Here’s another one of those funky words with opposite meanings depending on the context and a great word for fans of fantasy literature. Cleave can mean to adhere to something or to split something, as in skulls. Consider these examples:
The dwarves cleaved to their king as the goblin horde closed from all sides.
The dwarf cleaved the goblin’s helm with a mighty swing of his ax.
Words such as cleave are so common in English that there is a special name for them. Called auto-antonyms or contronyms, these words share a spelling with a word that has the opposite meaning. Contronyms must give new English speakers fits.
Cleave—meaning to adhere—comes from Middle English clevien, which derives from Old English clifian, which is akin to Old Saxon klibon, Old High German kliban, and Dutch kleven, all meaning to stick or cling.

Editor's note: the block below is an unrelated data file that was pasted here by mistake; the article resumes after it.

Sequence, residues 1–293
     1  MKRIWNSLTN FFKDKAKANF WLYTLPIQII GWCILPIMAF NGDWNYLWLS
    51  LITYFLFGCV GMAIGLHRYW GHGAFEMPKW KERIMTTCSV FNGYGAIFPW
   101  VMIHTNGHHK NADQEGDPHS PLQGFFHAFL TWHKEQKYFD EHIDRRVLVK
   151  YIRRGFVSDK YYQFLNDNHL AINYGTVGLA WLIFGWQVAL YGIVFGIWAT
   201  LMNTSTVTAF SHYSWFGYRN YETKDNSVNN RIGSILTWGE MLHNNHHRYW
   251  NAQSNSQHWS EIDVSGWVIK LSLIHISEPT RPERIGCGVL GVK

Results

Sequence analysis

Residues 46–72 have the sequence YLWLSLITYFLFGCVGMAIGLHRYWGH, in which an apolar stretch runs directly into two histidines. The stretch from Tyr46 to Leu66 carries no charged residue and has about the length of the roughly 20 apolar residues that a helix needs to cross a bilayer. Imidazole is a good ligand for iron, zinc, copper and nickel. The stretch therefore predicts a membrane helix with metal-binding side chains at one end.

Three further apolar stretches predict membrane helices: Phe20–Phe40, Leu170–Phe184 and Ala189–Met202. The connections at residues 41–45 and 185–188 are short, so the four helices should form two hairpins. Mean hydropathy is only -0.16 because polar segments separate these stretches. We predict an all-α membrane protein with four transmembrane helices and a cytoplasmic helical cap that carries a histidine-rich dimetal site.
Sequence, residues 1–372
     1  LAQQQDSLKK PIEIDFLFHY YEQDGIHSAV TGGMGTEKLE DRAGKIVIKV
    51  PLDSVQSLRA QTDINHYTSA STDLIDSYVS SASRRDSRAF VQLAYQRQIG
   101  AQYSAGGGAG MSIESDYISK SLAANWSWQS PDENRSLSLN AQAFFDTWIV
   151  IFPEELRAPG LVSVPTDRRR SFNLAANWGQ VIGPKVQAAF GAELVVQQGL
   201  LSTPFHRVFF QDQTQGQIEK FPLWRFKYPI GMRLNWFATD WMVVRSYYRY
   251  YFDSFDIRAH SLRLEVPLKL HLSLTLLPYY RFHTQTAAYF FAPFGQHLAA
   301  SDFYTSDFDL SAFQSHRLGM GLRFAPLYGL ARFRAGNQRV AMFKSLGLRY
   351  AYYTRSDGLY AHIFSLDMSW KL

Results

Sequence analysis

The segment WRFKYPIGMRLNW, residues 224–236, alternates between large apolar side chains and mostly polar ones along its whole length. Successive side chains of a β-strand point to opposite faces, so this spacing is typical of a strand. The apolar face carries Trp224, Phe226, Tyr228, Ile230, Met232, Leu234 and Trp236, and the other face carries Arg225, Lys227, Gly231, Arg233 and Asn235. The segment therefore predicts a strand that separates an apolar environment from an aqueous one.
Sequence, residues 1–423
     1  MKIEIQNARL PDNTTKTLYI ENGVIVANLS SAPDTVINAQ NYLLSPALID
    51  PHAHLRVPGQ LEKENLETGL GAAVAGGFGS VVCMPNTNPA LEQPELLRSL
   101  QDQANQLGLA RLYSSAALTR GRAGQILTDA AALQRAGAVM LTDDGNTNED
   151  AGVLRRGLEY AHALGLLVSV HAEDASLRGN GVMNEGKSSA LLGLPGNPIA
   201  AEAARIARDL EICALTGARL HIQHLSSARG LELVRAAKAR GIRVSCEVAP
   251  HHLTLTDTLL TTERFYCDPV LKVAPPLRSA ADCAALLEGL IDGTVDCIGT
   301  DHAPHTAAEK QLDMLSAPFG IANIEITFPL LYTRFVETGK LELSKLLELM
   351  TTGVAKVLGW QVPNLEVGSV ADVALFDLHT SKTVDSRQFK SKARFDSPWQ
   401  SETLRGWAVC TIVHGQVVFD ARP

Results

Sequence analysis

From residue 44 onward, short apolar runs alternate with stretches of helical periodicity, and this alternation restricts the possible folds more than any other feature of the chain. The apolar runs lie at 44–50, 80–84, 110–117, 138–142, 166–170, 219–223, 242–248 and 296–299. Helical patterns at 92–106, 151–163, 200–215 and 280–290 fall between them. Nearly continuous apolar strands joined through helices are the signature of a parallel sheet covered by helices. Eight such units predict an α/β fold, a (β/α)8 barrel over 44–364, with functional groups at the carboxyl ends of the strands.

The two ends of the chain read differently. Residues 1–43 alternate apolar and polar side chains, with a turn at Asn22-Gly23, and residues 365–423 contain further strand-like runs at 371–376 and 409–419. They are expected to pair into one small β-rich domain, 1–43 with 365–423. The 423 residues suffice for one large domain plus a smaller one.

Cleave—meaning to split—comes from Middle English cleven, which derives from Old English clēofan, which is akin to Old Saxon klioban, Old Norse kljūfa, Dutch kloven, and Old High German klioban, all meaning to split.
The two words have always been very similar, even across their ancestor languages, only a slight variation in spelling. It’s easy to imagine how usage wore away the differences and left us with a confusing but interesting mess.